And so the assumptions that astronomers have made about the composition of the galaxy, about the motions, about, you know what kinds of things – processes are going on in the galaxy, when you take it to this level, you know 1 percent of the entire galaxy, it just tells you so much about – with a very high degree of accuracy – about what’s going on here.
Pamela Gay: And getting at the how this is doing a survey, it goes beyond just the compositions to it. It’s for the first time allowing us to sample periods of stellar evolution that are very brief. To allow us to get at an accurate stellar luminosity function. This is that distribution that tells us that for every one giant OB star there are 500 little tiny red stars. I’m just making up numbers; we don’t know the actual numbers. That’s why we need this mission.
And it also allows us to understand in our region of our galaxy, what stars are on crazy orbits that are plunging through the disc versus well, perhaps part of that cluster of stars that we formed with, or just other every day disc stars. We’re going to be able to get at that consensus of orbital mechanics, of compositions, of – well, baby stars to big stars and everything in between.
And most exciting to me is the fact that we are going to finally be able to examine – because we’re going to have a large enough sample – the hard to observe rapid stages of stellar evolution.
Fraser Cain: Right. So we’re going to see things like the T Tauri stars, and some of the [inaudible] [00:19:28] invariables and some of the things that are in some of those final stages, red giants, younger, hot stars, things like that.
Pamela Gay: And older stars and temporary phases. For instance between when the hydrogen stops getting burned in the core of a star to when you get that flash of a shell burning. There are so many brief transitory phases as stars evolve, and we haven’t well studied pretty much any of them.
Fraser Cain: If we’re really lucky, maybe like a precursor to a supernova.
Pamela Gay: Yeah.
Fraser Cain: That would be amazing.
Pamela Gay: And there are so many different things. And Gaia – the calibration phase for this mission took what felt like forever. But it’s now mostly calibrated, and they’ve actually already detected their first supernova and they’re starting to get science results.
Fraser Cain: So, we talked a little bit about the stars, and that really is the main goal of this mission is what they’re going to be doing for the stars in the Milky Way. But because they’re looking at bright stuff in all directions, there’s just a pile of other science data that they’re going to be gathering. So let’s talk about a few of them.
Pamela Gay: So my favorite rouge science result I didn’t know they were going to get until I started reading up on the mission, is they’re actually going to be able to get more accurate measurements of how the sun gravitationally bends the light background stars as they compare looking over, under, beside the sun – pick a direction – around the sun. And then looking at those same stars with the sun behind the spacecraft and seeing how the astrometry changes whether or not you have gravity from the sun affecting the path of that light. This is going to be very precise confirmation of the theory of relatively, not that it needs to be more precise, right?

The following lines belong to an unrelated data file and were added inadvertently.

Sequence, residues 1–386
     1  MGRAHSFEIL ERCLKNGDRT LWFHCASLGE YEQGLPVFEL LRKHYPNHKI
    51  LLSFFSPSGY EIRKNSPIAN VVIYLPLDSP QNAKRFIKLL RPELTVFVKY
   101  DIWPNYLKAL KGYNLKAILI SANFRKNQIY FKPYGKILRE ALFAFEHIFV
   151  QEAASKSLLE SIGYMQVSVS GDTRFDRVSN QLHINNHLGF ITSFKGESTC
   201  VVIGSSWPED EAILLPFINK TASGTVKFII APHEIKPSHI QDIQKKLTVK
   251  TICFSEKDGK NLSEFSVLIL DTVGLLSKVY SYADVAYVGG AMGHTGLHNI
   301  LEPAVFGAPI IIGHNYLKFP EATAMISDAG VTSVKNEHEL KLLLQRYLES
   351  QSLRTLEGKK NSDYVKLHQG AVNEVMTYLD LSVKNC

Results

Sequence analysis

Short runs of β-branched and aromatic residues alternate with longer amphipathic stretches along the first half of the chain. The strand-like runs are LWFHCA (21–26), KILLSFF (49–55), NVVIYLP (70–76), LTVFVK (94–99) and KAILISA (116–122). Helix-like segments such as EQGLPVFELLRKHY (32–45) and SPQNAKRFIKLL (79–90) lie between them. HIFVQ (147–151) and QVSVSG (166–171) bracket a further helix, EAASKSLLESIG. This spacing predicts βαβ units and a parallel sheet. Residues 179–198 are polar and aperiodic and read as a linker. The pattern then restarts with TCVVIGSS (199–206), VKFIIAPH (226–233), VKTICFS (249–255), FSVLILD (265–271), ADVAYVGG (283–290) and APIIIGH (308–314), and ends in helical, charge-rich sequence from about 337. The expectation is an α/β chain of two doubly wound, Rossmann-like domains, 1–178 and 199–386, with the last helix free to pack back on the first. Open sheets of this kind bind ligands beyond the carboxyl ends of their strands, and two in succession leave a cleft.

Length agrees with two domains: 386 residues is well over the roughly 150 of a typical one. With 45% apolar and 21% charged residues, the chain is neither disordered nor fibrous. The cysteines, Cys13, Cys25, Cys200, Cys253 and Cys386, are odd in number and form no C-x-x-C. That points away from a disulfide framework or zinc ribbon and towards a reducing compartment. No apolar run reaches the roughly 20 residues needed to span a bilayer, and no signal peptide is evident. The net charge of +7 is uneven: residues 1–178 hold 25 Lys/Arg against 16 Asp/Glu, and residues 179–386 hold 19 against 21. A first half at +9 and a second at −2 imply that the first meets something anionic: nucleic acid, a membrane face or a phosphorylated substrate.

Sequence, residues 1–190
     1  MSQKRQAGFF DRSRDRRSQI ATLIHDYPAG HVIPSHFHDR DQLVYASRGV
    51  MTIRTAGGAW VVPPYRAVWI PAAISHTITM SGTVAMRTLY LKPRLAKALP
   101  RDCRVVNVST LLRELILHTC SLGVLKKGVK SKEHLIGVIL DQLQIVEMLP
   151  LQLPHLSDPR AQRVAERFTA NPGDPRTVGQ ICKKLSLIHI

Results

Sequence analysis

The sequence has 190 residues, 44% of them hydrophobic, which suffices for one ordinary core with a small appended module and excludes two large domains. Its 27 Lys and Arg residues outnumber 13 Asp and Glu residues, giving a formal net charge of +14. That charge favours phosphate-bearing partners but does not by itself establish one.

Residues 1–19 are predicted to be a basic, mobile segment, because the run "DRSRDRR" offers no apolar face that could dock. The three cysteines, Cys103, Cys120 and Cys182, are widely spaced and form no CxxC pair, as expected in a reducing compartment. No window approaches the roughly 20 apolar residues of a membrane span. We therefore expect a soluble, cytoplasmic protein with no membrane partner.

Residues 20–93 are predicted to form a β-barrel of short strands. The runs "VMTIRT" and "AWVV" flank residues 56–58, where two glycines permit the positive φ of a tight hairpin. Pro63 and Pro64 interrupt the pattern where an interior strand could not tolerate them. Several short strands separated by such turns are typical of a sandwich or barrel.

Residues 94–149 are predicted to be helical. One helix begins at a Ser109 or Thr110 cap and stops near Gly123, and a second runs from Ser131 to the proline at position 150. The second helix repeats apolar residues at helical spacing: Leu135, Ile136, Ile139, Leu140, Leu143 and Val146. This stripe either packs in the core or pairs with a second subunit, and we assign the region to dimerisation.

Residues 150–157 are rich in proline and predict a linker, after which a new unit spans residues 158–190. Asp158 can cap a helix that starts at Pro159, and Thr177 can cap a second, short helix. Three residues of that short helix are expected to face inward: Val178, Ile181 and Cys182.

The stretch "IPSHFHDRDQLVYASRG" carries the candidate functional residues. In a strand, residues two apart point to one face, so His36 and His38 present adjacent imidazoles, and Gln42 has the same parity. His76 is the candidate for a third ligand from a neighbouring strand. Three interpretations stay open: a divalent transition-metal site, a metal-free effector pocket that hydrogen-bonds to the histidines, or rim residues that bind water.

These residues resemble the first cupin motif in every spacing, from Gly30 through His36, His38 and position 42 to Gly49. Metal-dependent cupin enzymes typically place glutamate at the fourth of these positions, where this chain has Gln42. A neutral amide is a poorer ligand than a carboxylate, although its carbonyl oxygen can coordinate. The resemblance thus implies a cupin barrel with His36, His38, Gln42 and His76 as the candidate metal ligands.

Fraser Cain: Yeah. Will Einstein be right?
Pamela Gay: Yes. Yes, he will. But it’s still cool. And the fact that they have to like, start taking that into account. I mean what blew my mind is a lot of this ancillary science that they’re getting; they have to get to fix their astrometry. One of the reasons that they have to do such high resolution – or it’s actually low resolution – but one of the reasons they have to do the low resolution spectral thermometry that they’re doing is their positions are actually sensitive to if the star is more red or more blue. It’s centroid would be in a slightly different place due to chromatic aberration.
So they need to get at the color distribution of the stars so they can correct for the chromatic aberration. So, all of this work to get at the very precise color of the star is also getting at its position more accurately. Getting at the bending caused by the sun is getting at the position more accurately.
And then along the way, they’re going to actually – just as extra science that comes at trying to get at these precise positions, they’re going to be able to see how massive nearby planets – planets that are massive and nearby to the star being observed, are actually able to sway the motion of those stars. And this will give us precise measurements of the inclinations of those orbits that we couldn’t otherwise get.
Fraser Cain: Right. So when we observe planets right now, we get the transit method where the planets pass in front of the star, and we’ve got the radio velocity method where the giant – a heavy planet is yanking its parent star back and forth, forwards and backwards towards us. But are you saying that we might get a chance to be able to see the wobble of those stars in the sky because of the planet – side-to-side?
Pamela Gay: Yes. Yes. The side-to-side, up-to-down motion. What people had looked so hard for in the Bernard Star, which is one of the more nearby stars, it was hoped that if it had planets we’d see it this way. Nope, not there. But this is a new telescope with new instrumentation that’s capable of so much more than we’ve been able to do with previous space-based missions. And this is just work that you can’t do from the ground because our atmosphere distorts the light just far too much.